February 2015: Critical Care Medicine
Joseph A Carcillo
No abstract text is available yet for this article.
2010: BMJ: British Medical Journal
Ben Gelbart, Neil J Glassford, Rinaldo Bellomo
OBJECTIVES: To review systematically data from randomized and nonrandomized studies of fluid bolus therapy in hospitalized children with septic shock. DATA SOURCES: Medline, EMBASE, and Cochrane Central Register of Controlled Trials. STUDY SELECTION: We searched for randomized controlled studies of fluid bolus therapy in children with severe sepsis. We identified retrospective, prospective, and observational studies. We excluded studies of severe sepsis/septic shock due to a specific microbiological etiology, neonatal studies, and studies where advanced supportive therapies were unavailable...
October 2015: Pediatric Critical Care Medicine
Stacey L Valentine, Anil Sapru, Renee A Higgerson, Phillip C Spinella, Heidi R Flori, Dionne A Graham, Molly Brett, Maureen Convery, LeeAnn M Christie, Laurie Karamessinis, Adrienne G Randolph
OBJECTIVES: In the Fluid and Catheter Treatment Trial (NCT00281268), adults with acute lung injury randomized to a conservative vs. liberal fluid management protocol had increased days alive and free of mechanical ventilator support (ventilator-free days). Recruiting sufficient children with acute lung injury into a pediatric trial is challenging. A Bayesian statistical approach relies on the adult trial for the a priori effect estimate, requiring fewer patients. Preparing for a Bayesian pediatric trial mirroring the Fluid and Catheter Treatment Trial, we aimed to: 1) identify an inverse association between fluid balance and ventilator-free days; and 2) determine if fluid balance over time is more similar to adults in the Fluid and Catheter Treatment Trial liberal or conservative arms...
October 2012: Critical Care Medicine
Ole Bayer, Konrad Reinhart, Matthias Kohl, Björn Kabisch, John Marshall, Yasser Sakr, Michael Bauer, Christiane Hartog, Daniel Schwarzkopf, Niels Riedemann
OBJECTIVE: To assess shock reversal and required fluid volumes in patients with septic shock. DESIGN: Prospective before and after study comparing three different treatment periods. SETTING: Fifty-bed single-center surgical intensive care unit. PATIENTS: Consecutive patients with severe sepsis. INTERVENTIONS: Fluid therapy directed at preset hemodynamic goals with hydroxyethyl starch (predominantly 6% hydroxyethyl starch 130/0...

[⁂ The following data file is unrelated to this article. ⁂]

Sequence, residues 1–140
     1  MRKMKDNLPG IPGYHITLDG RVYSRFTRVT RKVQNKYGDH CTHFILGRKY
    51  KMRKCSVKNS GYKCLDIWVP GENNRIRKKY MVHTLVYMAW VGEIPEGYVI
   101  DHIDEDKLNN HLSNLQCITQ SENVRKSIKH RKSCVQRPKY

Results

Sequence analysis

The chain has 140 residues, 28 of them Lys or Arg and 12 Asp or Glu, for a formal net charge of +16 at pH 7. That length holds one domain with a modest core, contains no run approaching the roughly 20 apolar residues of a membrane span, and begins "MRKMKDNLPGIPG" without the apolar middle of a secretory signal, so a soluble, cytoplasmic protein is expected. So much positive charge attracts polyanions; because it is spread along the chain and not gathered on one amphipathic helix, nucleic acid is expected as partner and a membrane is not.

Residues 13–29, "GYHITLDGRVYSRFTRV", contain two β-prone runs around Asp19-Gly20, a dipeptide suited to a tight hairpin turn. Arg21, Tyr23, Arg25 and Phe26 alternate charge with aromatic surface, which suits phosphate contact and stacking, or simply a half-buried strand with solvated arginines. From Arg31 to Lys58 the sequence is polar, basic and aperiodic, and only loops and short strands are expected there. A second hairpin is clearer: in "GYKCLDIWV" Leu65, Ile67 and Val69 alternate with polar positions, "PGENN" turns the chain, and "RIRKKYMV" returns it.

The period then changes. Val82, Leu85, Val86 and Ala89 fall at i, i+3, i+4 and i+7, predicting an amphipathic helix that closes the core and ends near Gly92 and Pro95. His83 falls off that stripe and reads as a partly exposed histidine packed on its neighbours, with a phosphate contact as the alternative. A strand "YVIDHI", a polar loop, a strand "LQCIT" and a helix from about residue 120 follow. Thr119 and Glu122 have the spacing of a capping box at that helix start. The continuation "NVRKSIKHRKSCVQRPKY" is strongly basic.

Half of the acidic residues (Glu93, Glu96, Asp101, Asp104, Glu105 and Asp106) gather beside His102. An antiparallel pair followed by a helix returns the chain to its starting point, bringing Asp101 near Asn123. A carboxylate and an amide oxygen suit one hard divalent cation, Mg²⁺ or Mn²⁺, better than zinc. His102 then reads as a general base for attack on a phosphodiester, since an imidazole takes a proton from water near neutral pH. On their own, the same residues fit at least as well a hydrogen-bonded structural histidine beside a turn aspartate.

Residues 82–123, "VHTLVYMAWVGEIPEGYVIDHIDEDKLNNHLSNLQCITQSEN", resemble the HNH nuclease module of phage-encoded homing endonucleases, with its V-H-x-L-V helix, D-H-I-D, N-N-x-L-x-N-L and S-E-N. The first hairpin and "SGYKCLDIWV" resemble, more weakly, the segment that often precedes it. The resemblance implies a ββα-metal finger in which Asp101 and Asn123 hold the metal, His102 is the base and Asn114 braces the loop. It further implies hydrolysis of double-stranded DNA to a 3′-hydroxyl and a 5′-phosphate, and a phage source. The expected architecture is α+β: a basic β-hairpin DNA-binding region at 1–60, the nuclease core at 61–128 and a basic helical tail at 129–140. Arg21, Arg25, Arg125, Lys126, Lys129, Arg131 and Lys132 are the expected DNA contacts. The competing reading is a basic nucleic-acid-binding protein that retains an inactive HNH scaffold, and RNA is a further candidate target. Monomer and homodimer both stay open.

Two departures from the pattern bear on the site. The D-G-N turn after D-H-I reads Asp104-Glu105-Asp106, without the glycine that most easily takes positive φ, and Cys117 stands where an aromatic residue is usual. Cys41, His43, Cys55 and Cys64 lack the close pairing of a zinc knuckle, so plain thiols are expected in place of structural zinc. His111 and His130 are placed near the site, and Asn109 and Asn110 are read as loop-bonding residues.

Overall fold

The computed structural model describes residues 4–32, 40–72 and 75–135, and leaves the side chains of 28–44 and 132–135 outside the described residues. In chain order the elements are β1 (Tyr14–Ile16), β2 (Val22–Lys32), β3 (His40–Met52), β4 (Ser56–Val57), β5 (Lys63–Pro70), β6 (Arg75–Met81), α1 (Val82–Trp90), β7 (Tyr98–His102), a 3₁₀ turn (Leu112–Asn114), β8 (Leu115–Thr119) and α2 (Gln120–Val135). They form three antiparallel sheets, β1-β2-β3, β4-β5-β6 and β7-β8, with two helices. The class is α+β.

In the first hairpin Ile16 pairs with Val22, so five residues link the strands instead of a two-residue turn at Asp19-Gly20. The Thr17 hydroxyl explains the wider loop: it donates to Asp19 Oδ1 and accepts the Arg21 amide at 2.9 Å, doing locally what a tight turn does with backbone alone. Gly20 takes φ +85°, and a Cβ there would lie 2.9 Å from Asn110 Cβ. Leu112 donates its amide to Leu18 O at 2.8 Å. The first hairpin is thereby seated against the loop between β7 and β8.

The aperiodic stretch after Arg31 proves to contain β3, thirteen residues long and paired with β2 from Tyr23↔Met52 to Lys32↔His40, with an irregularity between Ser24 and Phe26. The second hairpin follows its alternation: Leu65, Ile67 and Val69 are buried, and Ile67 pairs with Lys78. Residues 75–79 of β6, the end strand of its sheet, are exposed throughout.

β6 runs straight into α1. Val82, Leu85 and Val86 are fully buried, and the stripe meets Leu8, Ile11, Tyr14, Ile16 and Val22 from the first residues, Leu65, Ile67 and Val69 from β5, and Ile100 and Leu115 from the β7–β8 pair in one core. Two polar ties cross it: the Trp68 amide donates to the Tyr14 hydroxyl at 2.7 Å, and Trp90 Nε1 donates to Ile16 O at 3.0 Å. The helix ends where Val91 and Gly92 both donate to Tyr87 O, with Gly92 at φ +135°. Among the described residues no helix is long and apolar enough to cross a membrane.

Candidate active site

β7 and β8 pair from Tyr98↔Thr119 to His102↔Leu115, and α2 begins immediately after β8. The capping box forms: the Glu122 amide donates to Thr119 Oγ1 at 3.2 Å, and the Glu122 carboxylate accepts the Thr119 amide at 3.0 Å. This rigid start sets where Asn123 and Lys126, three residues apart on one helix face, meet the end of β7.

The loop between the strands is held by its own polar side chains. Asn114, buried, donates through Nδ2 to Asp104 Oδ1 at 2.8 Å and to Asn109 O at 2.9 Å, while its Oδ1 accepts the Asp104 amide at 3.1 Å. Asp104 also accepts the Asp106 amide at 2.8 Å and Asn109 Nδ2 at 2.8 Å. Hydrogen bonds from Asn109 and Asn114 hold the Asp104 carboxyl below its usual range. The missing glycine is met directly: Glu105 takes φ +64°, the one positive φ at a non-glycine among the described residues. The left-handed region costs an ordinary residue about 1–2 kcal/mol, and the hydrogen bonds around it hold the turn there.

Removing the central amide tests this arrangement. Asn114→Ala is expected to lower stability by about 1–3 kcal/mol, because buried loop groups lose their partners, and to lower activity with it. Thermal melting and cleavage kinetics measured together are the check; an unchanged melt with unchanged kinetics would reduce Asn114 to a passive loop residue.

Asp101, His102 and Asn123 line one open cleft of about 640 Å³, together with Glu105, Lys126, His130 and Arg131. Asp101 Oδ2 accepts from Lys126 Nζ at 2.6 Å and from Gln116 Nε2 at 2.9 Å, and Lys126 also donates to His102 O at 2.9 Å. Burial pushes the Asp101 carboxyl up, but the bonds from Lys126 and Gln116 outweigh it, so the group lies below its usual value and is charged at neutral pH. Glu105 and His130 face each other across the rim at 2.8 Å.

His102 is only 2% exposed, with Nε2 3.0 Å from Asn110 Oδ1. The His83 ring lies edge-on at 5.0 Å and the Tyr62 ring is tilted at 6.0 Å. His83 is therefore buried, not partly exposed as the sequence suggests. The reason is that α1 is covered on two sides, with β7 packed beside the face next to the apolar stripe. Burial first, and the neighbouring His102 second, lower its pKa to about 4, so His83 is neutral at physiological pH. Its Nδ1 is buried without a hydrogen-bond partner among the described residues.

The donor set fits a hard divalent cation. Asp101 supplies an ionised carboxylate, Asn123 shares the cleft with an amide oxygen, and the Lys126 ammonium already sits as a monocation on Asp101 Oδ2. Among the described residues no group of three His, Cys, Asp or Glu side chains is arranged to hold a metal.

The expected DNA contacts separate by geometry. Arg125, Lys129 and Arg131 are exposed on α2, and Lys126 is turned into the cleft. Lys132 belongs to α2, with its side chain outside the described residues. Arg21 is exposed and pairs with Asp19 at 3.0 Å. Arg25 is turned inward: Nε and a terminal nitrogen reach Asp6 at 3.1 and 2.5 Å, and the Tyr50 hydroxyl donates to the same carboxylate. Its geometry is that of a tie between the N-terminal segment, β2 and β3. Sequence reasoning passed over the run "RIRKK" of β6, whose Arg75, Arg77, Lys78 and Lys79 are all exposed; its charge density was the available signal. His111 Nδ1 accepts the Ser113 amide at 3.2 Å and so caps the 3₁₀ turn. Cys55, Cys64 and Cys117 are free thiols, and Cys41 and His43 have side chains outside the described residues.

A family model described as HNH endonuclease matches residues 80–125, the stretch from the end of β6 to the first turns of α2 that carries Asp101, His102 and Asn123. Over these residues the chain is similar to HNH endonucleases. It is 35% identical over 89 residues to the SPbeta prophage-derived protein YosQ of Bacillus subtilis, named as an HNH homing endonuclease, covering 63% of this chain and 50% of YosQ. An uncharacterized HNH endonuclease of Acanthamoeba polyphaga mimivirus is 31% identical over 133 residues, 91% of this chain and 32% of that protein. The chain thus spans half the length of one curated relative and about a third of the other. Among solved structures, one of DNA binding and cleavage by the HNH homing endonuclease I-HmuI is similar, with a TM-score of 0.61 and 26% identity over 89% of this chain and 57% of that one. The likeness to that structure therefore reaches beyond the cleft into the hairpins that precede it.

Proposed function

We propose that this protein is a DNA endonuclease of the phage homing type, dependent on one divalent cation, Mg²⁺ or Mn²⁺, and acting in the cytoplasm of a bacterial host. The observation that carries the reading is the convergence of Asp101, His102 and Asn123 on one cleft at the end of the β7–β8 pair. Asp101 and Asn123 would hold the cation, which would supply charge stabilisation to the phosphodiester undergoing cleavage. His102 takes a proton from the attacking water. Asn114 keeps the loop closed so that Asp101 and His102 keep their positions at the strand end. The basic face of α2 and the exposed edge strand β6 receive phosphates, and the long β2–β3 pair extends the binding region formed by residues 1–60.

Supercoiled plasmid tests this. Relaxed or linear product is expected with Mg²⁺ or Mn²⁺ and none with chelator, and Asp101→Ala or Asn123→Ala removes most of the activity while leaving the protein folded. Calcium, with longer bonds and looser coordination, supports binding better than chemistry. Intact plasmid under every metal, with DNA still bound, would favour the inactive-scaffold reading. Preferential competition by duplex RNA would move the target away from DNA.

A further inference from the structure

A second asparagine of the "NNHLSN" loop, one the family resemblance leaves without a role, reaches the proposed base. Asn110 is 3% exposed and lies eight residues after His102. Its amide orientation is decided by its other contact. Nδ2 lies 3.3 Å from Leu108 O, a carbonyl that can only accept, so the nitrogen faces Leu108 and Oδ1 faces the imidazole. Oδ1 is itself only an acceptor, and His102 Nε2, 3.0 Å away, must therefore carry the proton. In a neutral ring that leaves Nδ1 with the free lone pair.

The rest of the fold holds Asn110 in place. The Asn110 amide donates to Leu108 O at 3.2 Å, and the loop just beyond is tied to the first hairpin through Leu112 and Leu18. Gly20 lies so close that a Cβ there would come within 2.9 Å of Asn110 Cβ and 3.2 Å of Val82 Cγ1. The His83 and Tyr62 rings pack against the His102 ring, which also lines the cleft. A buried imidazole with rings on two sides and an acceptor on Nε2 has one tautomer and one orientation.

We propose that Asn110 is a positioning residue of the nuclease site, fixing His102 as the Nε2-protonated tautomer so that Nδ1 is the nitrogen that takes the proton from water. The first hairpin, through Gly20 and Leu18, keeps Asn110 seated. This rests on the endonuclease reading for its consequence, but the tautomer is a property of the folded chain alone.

September 2012: Critical Care Medicine
Fernando Godinho Zampieri, Marcelo Park, Luciano Cesar Pontes Azevedo
Colloids are frequently used for fluid expansion in the intensive care unit, although its use on several clinical scenarios remains unproven of any relevant clinical benefit. The purpose of this article was to carry out a narrative review regarding the safety and efficacy of colloids in patients with sepsis and septic shock, with emphasis on the most commonly used colloids, albumin and starches. Colloids are effective fluid expanders and are able to restore the hemodynamic profile with less total volume than crystalloids...
May 2013: Shock
Owen Bodger, Abrie Theron, David Williams
CONTEXT: Inadequate fluid resuscitation of acute burns may result in hypovolaemic shock. Excessive fluid resuscitation may result in fluid overload. A nomogram which uses the popular Parkland formula and '4-2-1' regime has been recently described to facilitate the calculation of fluid requirements in children during the first 24 h following burn injury. OBJECTIVE: To compare the accuracy and speed of calculation of three different methods (pen and paper, electronic calculator and nomogram), which all use the Parkland formula and '4-2-1' regime to calculate maintenance and resuscitation fluid requirements for children in the first 24 h after burn injury...
August 2013: European Journal of Anaesthesiology
Karthik Raghunathan, Andrew Shaw, Brian Nathanson, Til Stürmer, Alan Brookhart, Mihaela S Stefan, Soko Setoguchi, Chris Beadles, Peter K Lindenauer
OBJECTIVE: Isotonic saline is the most commonly used crystalloid in the ICU, but recent evidence suggests that balanced fluids like Lactated Ringer's solution may be preferable. We examined the association between choice of crystalloids and in-hospital mortality during the resuscitation of critically ill adults with sepsis. DESIGN: A retrospective cohort study of patients admitted with sepsis, not undergoing any surgical procedures, and treated in an ICU by hospital day 2...
July 2014: Critical Care Medicine
E A Hoste, K Maitland, C S Brudney, R Mehta, J-L Vincent, D Yates, J A Kellum, M G Mythen, A D Shaw
I.V. fluid therapy plays a fundamental role in the management of hospitalized patients. While the correct use of i.v. fluids can be lifesaving, recent literature demonstrates that fluid therapy is not without risks. Indeed, the use of certain types and volumes of fluid can increase the risk of harm, and even death, in some patient groups. Data from a recent audit show us that the inappropriate use of fluids may occur in up to 20% of patients receiving fluid therapy. The delegates of the 12th Acute Dialysis Quality Initiative (ADQI) Conference sought to obtain consensus on the use of i...
November 2014: British Journal of Anaesthesia
K Raghunathan, P T Murray, W S Beattie, D N Lobo, J Myburgh, R Sladen, J A Kellum, M G Mythen, A D Shaw
Fluid management during critical illness is a dynamic process that may be conceptualized as occurring in four phases: rescue, optimization, stabilization, and de-escalation (mobilization). The selection and administration of resuscitation fluids is one component of this complex physiological sequence directed at restoring depleted intravascular volume. Presently, the selection of i.v. fluid is usually dictated more by local practice patterns than by evidence. The debate on fluid choice has primarily focused on evaluating outcome differences between 'crystalloids vs colloids'...
November 2014: British Journal of Anaesthesia
2016-11-05 16:03:41